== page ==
At least in the secondary source the author did not try to use the information from the report in a different context. In both the primary source and the secondary source the main focus was the difference between the data portrayed by industry and the data estimated by Timoney and Ronconi. It would have been easy for the Globe and Mail to focus more on the large mortality rates of birds than the actual focus in the primary source, since that would have probably received more sympathetic reactions from readers.

Overall, the secondary source was a fine, although very brief, overview of the primary source. However, there is barely enough information in it to satisfy anyone, and there is definitely not enough information in it to be useful as research. People reading this article may just get interested in it, but would probably have many questions at the end of it. A slightly longer article would have been better. The primary source was the opposite of this. It was long, detailed, and had a lot of interesting information in it. It also had very convincing and strong claims, which the secondary source does not. In addition, the primary source included a discussion of the limitations of the report, which was not included in the Globe and Mail article. The original report would be very helpful for anyone doing research as it contains a lot of good information as well as many statistics, charts and sources.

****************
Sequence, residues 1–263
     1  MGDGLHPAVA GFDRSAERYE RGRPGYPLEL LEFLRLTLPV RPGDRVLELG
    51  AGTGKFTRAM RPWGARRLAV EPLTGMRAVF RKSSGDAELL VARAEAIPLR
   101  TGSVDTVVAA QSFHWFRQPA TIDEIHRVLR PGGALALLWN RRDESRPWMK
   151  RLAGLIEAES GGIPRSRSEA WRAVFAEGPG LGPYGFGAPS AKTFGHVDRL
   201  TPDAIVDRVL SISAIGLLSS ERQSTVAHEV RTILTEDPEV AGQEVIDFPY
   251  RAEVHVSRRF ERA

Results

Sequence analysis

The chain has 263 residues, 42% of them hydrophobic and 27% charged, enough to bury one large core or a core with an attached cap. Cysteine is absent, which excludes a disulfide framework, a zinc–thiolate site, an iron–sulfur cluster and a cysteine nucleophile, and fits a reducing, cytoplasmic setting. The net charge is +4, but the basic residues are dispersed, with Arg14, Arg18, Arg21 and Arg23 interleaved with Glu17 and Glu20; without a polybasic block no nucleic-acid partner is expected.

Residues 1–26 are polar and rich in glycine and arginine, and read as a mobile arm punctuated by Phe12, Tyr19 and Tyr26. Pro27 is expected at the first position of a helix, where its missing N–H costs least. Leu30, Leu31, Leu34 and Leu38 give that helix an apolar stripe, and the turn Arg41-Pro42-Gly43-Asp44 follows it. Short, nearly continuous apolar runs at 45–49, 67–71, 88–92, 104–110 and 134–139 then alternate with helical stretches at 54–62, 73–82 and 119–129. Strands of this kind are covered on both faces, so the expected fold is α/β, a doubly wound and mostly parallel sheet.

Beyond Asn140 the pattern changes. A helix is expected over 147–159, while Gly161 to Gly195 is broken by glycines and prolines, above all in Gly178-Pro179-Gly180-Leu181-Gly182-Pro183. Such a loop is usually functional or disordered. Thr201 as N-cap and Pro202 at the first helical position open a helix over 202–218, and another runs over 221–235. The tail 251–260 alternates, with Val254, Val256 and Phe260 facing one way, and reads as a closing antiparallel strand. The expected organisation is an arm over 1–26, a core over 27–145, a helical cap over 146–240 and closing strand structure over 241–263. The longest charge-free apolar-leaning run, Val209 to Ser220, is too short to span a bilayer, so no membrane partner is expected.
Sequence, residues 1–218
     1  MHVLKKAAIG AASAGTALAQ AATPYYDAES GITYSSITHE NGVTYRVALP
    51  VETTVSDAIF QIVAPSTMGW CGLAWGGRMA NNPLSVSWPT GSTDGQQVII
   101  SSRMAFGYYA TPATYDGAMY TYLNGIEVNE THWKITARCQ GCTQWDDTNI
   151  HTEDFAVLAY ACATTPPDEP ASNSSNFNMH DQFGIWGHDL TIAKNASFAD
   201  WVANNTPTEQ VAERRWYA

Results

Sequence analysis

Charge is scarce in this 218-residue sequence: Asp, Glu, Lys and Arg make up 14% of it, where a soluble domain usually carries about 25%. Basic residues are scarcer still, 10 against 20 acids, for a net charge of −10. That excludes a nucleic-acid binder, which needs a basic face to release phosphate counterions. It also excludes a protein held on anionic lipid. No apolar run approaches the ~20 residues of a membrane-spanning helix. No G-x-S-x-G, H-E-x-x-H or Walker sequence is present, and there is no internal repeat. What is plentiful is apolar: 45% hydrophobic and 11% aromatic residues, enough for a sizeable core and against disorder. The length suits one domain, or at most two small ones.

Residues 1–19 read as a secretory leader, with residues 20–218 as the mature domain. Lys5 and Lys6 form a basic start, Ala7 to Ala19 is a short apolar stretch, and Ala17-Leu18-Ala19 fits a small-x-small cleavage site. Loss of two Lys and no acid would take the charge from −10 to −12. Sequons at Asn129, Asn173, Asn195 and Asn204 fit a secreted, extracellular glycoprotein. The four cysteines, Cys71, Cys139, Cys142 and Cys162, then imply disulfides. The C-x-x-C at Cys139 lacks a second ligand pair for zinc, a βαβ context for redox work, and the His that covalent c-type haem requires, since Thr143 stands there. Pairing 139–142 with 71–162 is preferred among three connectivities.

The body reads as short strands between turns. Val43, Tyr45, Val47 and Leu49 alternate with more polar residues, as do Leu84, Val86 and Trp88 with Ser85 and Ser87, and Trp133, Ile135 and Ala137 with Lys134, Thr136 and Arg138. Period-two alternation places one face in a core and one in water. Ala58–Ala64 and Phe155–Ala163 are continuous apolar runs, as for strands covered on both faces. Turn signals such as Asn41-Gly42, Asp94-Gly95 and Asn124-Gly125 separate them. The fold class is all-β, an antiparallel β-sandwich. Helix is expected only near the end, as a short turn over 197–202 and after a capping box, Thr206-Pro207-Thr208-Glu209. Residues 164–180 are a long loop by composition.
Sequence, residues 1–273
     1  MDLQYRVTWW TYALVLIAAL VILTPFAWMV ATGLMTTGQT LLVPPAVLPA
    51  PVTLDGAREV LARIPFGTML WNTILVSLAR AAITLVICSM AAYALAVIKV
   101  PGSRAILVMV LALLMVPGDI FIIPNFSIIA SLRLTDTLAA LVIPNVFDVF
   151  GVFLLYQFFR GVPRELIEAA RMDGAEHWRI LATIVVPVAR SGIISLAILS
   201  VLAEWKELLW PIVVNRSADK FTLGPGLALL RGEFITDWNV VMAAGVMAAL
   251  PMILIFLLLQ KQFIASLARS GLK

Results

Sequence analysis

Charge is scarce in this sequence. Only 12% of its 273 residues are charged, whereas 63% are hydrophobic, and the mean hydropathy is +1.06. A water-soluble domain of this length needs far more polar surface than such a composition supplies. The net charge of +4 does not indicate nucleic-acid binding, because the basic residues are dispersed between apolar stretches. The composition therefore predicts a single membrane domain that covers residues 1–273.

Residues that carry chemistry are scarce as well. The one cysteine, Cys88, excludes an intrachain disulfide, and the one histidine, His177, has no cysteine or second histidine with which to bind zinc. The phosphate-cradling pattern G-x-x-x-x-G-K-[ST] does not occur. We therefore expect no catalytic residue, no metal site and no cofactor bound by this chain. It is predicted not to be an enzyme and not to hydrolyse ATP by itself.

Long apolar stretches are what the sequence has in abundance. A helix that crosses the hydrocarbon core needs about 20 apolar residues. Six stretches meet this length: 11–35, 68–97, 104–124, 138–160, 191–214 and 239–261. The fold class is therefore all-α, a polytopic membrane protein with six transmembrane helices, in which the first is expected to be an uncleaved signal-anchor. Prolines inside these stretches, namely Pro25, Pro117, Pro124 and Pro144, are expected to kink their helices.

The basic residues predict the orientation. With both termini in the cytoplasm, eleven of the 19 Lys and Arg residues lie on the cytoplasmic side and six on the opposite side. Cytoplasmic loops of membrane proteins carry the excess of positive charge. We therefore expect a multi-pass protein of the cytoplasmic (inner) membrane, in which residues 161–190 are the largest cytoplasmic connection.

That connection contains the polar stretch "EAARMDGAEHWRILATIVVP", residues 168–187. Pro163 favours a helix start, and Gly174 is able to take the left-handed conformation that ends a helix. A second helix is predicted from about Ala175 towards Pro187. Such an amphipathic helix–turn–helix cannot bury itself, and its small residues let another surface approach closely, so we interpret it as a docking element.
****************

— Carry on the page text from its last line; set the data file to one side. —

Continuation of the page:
(The Globe and Mail 2010)

“Birds dying from oil sands byproduct 30 times more than estimated: study.” The Globe
and Mail. September 7th 2010. The Globe and Mail. http://www.theglobeandm

Timoney, Kevin and Robert Ronconi. “Annual Bird Mortality in the Bitumen Tailings
Ponds in Northeastern Alberta, Canada.” The Wilson Journal of Ornithology.
September 2010. BioOne. University of Guelph.
0.1676/ 09-181.1.

David Tarascio Student ID: 0705039